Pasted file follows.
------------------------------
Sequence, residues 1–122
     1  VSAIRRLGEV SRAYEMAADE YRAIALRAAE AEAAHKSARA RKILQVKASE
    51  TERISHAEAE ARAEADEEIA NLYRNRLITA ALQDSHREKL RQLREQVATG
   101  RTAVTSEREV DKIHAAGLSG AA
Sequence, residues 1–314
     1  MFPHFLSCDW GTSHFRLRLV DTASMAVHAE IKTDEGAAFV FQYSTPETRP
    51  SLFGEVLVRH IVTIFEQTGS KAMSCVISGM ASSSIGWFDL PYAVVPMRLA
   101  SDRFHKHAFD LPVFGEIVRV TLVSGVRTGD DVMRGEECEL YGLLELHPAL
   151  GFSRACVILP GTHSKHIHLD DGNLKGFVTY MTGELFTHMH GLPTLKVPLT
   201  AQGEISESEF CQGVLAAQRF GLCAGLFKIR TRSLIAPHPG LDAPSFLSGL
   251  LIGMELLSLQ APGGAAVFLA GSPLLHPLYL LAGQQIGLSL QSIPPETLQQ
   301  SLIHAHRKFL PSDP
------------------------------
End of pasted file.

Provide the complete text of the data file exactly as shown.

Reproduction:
Sequence, residues 1–122
     1  VSAIRRLGEV SRAYEMAADE YRAIALRAAE AEAAHKSARA RKILQVKASE
    51  TERISHAEAE ARAEADEEIA NLYRNRLITA ALQDSHREKL RQLREQVATG
   101  RTAVTSEREV DKIHAAGLSG AA
Sequence, residues 1–314
     1  MFPHFLSCDW GTSHFRLRLV DTASMAVHAE IKTDEGAAFV FQYSTPETRP
    51  SLFGEVLVRH IVTIFEQTGS KAMSCVISGM ASSSIGWFDL PYAVVPMRLA
   101  SDRFHKHAFD LPVFGEIVRV TLVSGVRTGD DVMRGEECEL YGLLELHPAL
   151  GFSRACVILP GTHSKHIHLD DGNLKGFVTY MTGELFTHMH GLPTLKVPLT
   201  AQGEISESEF CQGVLAAQRF GLCAGLFKIR TRSLIAPHPG LDAPSFLSGL
   251  LIGMELLSLQ APGGAAVFLA GSPLLHPLYL LAGQQIGLSL QSIPPETLQQ
   301  SLIHAHRKFL PSDP